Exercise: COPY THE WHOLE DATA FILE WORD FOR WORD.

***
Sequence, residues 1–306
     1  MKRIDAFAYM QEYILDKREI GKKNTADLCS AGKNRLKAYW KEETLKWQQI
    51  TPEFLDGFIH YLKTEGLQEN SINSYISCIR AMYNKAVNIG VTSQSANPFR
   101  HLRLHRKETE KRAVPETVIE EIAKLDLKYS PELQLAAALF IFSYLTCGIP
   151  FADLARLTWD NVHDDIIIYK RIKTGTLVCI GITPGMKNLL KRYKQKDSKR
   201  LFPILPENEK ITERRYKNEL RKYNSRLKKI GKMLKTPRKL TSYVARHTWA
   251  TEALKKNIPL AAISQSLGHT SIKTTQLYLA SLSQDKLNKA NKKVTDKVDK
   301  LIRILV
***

Sequence, residues 1–306
     1  MKRIDAFAYM QEYILDKREI GKKNTADLCS AGKNRLKAYW KEETLKWQQI
    51  TPEFLDGFIH YLKTEGLQEN SINSYISCIR AMYNKAVNIG VTSQSANPFR
   101  HLRLHRKETE KRAVPETVIE EIAKLDLKYS PELQLAAALF IFSYLTCGIP
   151  FADLARLTWD NVHDDIIIYK RIKTGTLVCI GITPGMKNLL KRYKQKDSKR
   201  LFPILPENEK ITERRYKNEL RKYNSRLKKI GKMLKTPRKL TSYVARHTWA
   251  TEALKKNIPL AAISQSLGHT SIKTTQLYLA SLSQDKLNKA NKKVTDKVDK
   301  LIRILV